We were given five minutes to prepare. I learned all my lines by heart and then recited them without looking at the paper. Everyone was really impressed, and I won the game. I still have my prize—a large book about mice living in trees.
Even though winning and being seen felt good, I still felt like I wasn’t enough and could have done more.
How does this fit with the whole procrastination game?
I kept everything inside. My inadequacy, insecurities, and perfectionism were not something I shared openly. It was a self-protection mechanism. A whole host of other behaviors followed, like distraction, isolation, and negative self-talk. Distractions and isolation are two of my self-sabotaging methods, and the pattern is that these actions reinforce the looping of my negative self-talk. Round and round it goes.
Most of the time, I am aware of what I am doing. So frustrating. Instead of being honest and saying, “I’m feeling quite vulnerable at the moment because I’m opening myself up to new feelings, and it is a risk of being hurt.” It’s easier to fall back into old programs that we think serve us.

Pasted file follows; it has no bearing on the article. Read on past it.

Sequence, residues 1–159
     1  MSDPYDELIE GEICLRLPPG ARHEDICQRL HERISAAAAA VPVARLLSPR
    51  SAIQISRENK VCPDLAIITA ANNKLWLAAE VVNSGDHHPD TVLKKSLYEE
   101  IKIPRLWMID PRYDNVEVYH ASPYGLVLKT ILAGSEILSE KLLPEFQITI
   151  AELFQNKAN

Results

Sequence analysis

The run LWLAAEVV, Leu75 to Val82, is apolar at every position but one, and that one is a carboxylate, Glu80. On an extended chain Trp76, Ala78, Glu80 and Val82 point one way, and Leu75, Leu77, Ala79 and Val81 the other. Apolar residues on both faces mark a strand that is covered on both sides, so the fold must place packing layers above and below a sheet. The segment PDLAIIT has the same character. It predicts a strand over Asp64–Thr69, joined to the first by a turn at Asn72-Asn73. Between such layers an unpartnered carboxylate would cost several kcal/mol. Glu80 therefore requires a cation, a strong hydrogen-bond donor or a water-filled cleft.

I am taking steps against these old programs. I am no longer trying to hide behind excuses by taking ownership of my words and thoughts instead of letting other people dictate the scenario. Of course, every part of me wants to fight that. But being vulnerable is scary, and staying in my comfort zone is much easier.
One of my biggest Ahas is around the comfort zone itself. In my own head, I had an image of who and what I should be.